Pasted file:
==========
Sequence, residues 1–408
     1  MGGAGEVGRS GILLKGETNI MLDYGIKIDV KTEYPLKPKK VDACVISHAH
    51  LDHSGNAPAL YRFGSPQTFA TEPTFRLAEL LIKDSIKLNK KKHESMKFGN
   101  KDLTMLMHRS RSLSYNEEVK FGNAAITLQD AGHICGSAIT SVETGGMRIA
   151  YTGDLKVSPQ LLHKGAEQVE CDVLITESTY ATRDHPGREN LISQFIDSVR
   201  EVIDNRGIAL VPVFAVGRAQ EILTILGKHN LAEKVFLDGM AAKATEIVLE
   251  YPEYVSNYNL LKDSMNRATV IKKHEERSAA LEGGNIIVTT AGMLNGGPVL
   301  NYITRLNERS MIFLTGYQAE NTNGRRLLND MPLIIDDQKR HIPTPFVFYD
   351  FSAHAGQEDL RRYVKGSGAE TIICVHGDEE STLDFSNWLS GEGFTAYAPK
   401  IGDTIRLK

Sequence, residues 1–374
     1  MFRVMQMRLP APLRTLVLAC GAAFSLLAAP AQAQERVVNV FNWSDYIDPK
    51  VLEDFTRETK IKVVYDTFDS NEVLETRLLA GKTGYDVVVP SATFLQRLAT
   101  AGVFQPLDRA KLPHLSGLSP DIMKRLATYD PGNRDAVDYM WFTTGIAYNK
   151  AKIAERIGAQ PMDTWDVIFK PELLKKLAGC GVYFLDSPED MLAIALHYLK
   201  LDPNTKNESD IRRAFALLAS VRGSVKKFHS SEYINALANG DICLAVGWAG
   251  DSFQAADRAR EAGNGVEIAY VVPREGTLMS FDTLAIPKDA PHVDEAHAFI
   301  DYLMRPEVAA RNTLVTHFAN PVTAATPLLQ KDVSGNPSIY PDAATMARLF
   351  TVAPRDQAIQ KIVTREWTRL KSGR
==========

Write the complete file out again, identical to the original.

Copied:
Sequence, residues 1–408
     1  MGGAGEVGRS GILLKGETNI MLDYGIKIDV KTEYPLKPKK VDACVISHAH
    51  LDHSGNAPAL YRFGSPQTFA TEPTFRLAEL LIKDSIKLNK KKHESMKFGN
   101  KDLTMLMHRS RSLSYNEEVK FGNAAITLQD AGHICGSAIT SVETGGMRIA
   151  YTGDLKVSPQ LLHKGAEQVE CDVLITESTY ATRDHPGREN LISQFIDSVR
   201  EVIDNRGIAL VPVFAVGRAQ EILTILGKHN LAEKVFLDGM AAKATEIVLE
   251  YPEYVSNYNL LKDSMNRATV IKKHEERSAA LEGGNIIVTT AGMLNGGPVL
   301  NYITRLNERS MIFLTGYQAE NTNGRRLLND MPLIIDDQKR HIPTPFVFYD
   351  FSAHAGQEDL RRYVKGSGAE TIICVHGDEE STLDFSNWLS GEGFTAYAPK
   401  IGDTIRLK

Sequence, residues 1–374
     1  MFRVMQMRLP APLRTLVLAC GAAFSLLAAP AQAQERVVNV FNWSDYIDPK
    51  VLEDFTRETK IKVVYDTFDS NEVLETRLLA GKTGYDVVVP SATFLQRLAT
   101  AGVFQPLDRA KLPHLSGLSP DIMKRLATYD PGNRDAVDYM WFTTGIAYNK
   151  AKIAERIGAQ PMDTWDVIFK PELLKKLAGC GVYFLDSPED MLAIALHYLK
   201  LDPNTKNESD IRRAFALLAS VRGSVKKFHS SEYINALANG DICLAVGWAG
   251  DSFQAADRAR EAGNGVEIAY VVPREGTLMS FDTLAIPKDA PHVDEAHAFI
   301  DYLMRPEVAA RNTLVTHFAN PVTAATPLLQ KDVSGNPSIY PDAATMARLF
   351  TVAPRDQAIQ KIVTREWTRL KSGR